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No. 3 Notre Dame Trounces Michigan State, 90-59

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Lili Thompson had 12 points, 10 rebounds and four assistants against the Spartans.
Joe Raymond

Determined to put a lost opportunity in last Sunday’s 80-71 loss at No. 1 Connecticut behind them, Notre Dame exploded out of the gates Wednesday night in its first home game in eight contests with a 90-59 romp versus Michigan State at Purcell Pavilion in front of an attendance of 8,091.

Junior guard Arike Ogunbowale, the nation’s No. 30 scorer (20.5 points per game), paced the Irish with 23 points while classmate Jessica Shepard tallied 19. Especially notable was fifth-year senior guard Lili Thompson’s double-double with 12 points and a game high 10 rebounds — all 5-7 of her — while also handing out a team high four assists.

Notre Dame jumped to a 7-0 advantage in the first minute, expanded it to 11-0 before the Spartans scored, and were never threatened during a dominant first half performance in which they held a 47-16 lead at the intermission.

By halftime the Fighting Irish were 16 of 25 from the floor (64 percent), 3 of 5 from three-point range and 12 of 16 from the line. They also assisted on 10 of the 16 buckets. Conversely, the Spartans were 6 of 32 (18.8 percent) from the floor in the first half and finished 30.8 percent for the game

The physical contest also the Irish convert 28-of-35 free throws (80 percent) and hold a 34-20 scoring advantage in the paint.

“Coach put a big emphasis on getting the ball inside, and the guards did a great job of getting it in,” said Shepard, who converted 7-of-11 from the field.

Notre Dame will play at Penn — head coach Muffet McGraw’s hometown — on Saturday before taking a week off from action for final exams and then hosting DePaul on Sunday, Dec. 17.

Prior to the contest against the Spartans, McGraw was honored with a video tribute and an unfurling of a new banner in the rafters celebrating her 2017 induction into the Naismith Basketball Hall of Fame.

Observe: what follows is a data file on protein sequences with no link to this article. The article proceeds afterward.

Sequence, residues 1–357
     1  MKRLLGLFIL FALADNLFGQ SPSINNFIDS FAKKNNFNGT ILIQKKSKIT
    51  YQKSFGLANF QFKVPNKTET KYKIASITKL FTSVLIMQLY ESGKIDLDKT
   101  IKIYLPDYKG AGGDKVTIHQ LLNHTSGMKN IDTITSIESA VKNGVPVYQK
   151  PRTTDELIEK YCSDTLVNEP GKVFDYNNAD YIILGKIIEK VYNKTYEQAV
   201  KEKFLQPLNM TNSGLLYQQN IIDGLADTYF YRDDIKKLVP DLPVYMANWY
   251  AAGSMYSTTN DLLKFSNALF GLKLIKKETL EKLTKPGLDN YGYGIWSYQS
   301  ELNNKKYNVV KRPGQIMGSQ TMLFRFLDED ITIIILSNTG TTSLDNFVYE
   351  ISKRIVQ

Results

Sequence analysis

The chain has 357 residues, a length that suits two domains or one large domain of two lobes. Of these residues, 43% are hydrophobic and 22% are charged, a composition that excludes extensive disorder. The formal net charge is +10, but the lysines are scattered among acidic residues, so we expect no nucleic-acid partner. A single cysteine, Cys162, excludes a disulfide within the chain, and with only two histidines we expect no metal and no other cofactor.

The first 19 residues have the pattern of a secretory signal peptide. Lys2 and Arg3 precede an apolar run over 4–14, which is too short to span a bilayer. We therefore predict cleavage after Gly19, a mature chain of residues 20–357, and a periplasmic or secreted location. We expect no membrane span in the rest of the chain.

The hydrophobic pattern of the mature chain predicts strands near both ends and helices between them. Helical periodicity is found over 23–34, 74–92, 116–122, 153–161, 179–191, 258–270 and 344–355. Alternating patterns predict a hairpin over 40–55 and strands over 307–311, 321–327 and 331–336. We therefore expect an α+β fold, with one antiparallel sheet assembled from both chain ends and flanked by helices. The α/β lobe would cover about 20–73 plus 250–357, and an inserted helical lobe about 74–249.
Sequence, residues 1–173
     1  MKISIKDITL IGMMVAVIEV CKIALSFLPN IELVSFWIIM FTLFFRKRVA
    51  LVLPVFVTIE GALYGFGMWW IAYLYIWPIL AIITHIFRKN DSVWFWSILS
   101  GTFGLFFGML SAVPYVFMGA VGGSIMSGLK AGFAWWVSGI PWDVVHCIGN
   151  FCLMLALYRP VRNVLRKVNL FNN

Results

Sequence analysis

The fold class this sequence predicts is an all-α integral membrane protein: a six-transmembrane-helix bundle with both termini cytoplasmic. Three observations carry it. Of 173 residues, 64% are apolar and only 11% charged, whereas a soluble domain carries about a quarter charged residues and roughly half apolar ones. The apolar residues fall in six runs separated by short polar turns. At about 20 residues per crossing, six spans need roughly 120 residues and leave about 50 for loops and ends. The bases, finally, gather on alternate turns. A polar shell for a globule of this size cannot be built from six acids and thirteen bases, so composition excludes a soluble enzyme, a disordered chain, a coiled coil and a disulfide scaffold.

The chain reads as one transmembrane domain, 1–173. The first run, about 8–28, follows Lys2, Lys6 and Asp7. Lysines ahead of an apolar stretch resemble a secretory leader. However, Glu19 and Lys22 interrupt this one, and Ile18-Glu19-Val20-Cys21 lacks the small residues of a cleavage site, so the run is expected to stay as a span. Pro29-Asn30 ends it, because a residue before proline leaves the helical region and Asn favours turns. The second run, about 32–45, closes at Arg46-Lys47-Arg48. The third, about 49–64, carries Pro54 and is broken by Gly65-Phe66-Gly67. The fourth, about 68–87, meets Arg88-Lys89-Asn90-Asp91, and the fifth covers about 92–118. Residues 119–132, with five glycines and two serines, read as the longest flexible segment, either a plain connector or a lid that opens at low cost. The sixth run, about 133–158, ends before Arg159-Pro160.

Three-Point Play

1. On The Rebound

Minus junior All-American forward Brianna Turner and 6-3 freshman Mikayla Vaughn, both out with ACL tears, Notre Dame’s rebounding situation was projected as a potential problem. Yet the Irish entered this contest No. 17 in rebounding margin (11.8) among 345 Division I teams and No. 9 in offensive rebounds per contest (18) against one of the nation's top schedules.

Versus the Spartans — No. 7 nationally overall in rebounding margin at plus-14.6 — Notre Dame again won the battle of the boards 44-34 (11-11 on offense). Thompson was the first Irish player other than Shepard or 5-11 guard Jackie Young to lead the team in rebounding, while Ogunbowale added nine. All hands have have to be on deck for the Irish on the boards.

2. Eight Is Enough … And Will Have To Be

McGraw used all eight scholarship players in the first eight minutes. Ogunbowale had 29 minutes to lead the Irish, while Thompson, Young and Marina Mabrey had 28 apiece, and Shepard and Kathryn Westbeld 26 each. Forward Kristina Nelson had 20 minutes off the bench.

Fifth-year seniors Thompson and Nelson are the first off the bench, and they combined for 21 points and 15 rebounds. Thompson will log starter minutes but McGraw likes the idea of looking down the bench and actually seeing a guard to insert. Thompson took three nasty spills in the game and two hits in the face, which leaves those in attendance and on the Irish bench on the edge. The 6-4 Nelson (nine points, five rebounds) was seen leaving the building with a noticeable limp, but in no need of crutches.

The assimilation of 6-2 freshman Danielle Patterson will also be needed. She saw 10 minutes against MSU, scoring four points while trying to find a flow in the game.

3. Three For The Show

Young came into the game 0-for-6 from three-point range, and Michigan State laid off her on both of her first two attempts beyond the arc — and she converted both. A third attempt in which she was open went awry, but 66 percent will be taken any day. With opponents far more concerned about her drives to the basket, Young (13 points, seven rebounds) needs those perimeter shooting skills in her repertoire to become even more effective.

While rebounding has been maybe more effective than expected, the Irish entered the contest 194th in three-point field-goal percentage at 30.4 percent. Ogunbowale at 14 of 44 (31.8 percent) and Mabrey at 11 of 47 (23.4 percent) are much better than their numbers indicate. Ogunbowale was at 45.4 percent last year and Mabrey 38.3 percent.


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